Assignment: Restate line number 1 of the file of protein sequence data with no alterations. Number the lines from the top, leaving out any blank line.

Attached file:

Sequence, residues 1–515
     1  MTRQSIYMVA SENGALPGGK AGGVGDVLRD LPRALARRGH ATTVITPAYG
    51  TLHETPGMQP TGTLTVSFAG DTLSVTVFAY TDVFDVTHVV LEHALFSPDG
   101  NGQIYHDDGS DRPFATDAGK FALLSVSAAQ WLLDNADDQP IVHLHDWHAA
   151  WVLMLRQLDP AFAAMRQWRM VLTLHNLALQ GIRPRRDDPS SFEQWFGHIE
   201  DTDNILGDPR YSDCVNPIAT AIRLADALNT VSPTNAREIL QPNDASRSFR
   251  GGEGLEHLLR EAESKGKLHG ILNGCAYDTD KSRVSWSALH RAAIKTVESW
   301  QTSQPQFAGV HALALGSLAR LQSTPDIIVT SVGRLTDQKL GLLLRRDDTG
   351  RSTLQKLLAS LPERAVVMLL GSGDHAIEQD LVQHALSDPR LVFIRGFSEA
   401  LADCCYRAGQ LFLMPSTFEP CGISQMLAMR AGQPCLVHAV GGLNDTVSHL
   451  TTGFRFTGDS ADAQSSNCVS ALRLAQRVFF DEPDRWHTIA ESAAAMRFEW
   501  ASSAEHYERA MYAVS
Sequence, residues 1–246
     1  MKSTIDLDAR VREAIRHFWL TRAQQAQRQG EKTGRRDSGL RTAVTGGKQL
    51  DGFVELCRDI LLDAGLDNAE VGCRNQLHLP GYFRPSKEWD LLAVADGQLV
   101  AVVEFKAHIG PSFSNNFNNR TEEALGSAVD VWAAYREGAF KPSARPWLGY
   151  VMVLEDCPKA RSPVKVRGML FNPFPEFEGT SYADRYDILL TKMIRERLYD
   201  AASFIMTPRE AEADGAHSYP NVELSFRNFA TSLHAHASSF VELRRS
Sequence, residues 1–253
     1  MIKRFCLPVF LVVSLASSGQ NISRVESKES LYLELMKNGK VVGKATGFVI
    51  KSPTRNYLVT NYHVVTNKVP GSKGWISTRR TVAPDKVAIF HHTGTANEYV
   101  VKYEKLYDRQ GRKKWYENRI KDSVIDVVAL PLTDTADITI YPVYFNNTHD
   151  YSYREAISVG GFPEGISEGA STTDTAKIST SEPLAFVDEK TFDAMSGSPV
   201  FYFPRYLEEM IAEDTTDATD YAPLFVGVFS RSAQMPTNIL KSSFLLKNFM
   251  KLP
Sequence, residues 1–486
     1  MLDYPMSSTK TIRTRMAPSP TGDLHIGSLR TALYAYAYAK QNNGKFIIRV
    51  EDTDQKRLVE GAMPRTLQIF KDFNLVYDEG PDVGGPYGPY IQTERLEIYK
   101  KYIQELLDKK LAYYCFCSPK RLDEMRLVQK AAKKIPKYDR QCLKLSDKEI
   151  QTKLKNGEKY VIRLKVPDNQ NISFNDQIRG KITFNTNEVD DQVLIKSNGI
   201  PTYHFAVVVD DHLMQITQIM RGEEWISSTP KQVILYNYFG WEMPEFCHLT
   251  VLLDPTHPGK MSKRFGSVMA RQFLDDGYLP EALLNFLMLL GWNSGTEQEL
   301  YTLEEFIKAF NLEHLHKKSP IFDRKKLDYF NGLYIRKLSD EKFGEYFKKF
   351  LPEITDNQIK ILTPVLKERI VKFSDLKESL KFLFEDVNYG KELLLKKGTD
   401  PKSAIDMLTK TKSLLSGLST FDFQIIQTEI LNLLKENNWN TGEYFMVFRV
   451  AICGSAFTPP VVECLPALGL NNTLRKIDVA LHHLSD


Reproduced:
Sequence, residues 1–515